New York Times - June 4, 2011
An Archbishop Burns While Rome Fiddles
By MAUREEN DOWD
THE archbishop of Dublin was beginning to sniffle.
He could not get through a story about “a really nasty man” — an Irish priest who sexually abused, physically tortured and emotionally threatened vulnerable boys — without pulling out his handkerchief and wiping his nose.
“He built a swimming pool in his own garden, to which only boys of a certain age, of a certain appearance were allowed into it,” Archbishop Diarmuid Martin told me recently. “There were eight other priests in that parish, and not one of them seemed to think there was something strange about it.”
Two years after learning the extent of the depraved and Dickensian treatment of children in the care of the Irish Catholic Church — a fifth circle of hell hidden for decades by church and police officials — the Irish are still angry and appalled.
The only church leader who escapes their disgust is the no-nonsense, multilingual Martin. He was sent home to Dublin in 2003 after 27 years in the Vatican bureaucracy and diplomatic corps and found the Irish church in crisis, reeling from a cover-up that spanned the tenures of four past Dublin archbishops.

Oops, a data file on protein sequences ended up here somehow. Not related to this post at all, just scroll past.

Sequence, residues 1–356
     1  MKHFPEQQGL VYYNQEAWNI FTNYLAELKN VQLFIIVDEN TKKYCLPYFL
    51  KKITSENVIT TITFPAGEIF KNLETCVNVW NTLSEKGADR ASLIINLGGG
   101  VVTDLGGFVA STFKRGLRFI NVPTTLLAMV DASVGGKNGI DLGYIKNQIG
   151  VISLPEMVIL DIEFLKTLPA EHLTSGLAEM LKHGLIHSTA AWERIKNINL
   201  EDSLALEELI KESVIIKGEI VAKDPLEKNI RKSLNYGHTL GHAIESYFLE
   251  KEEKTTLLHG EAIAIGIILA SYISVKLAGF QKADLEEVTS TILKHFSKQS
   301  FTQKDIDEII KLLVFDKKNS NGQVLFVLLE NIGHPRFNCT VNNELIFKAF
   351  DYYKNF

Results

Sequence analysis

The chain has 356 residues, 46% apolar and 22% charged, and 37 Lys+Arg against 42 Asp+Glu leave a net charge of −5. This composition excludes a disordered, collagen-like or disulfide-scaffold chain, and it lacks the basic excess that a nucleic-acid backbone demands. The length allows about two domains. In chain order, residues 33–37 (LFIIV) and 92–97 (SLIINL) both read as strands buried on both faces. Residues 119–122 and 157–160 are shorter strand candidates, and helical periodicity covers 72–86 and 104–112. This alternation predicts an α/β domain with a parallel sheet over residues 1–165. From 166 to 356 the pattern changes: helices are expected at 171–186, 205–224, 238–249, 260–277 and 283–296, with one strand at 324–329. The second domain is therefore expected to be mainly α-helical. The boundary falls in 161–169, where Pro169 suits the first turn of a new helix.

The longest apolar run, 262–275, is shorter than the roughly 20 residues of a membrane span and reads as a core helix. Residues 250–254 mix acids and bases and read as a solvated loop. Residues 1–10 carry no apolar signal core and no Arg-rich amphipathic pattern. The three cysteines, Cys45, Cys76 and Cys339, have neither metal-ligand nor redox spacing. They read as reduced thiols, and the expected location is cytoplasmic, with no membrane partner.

I went to see him at his office in Drumcondra in north Dublin because he is that rarest of things in the church’s tragedy: a moral voice.
In February, Martin held an unprecedented “Liturgy of Lament and Repentance” at a Dublin cathedral, where he asked forgiveness from God and victims of abuse and praised the courage of those who had come forward.
Wearing a simple black cassock, he helped wash the feet of eight victims and conceded that the church “will always bear this wound within it.”
The frustrated Martin has criticized the Vatican’s glacial pace on reform and chided the church: “Denial will not generate confidence.”
He has mourned the lack of faith among young people in Ireland, where fewer than one in five Catholics go to Mass in Dublin on Sunday. (A victims’ support group is called One in Four, asserting that’s how many Irish have been affected by the sexual abuse scandal.)
In return for doing the right thing, he has been ostracized by fellow bishops in Ireland and snubbed by the Holy See.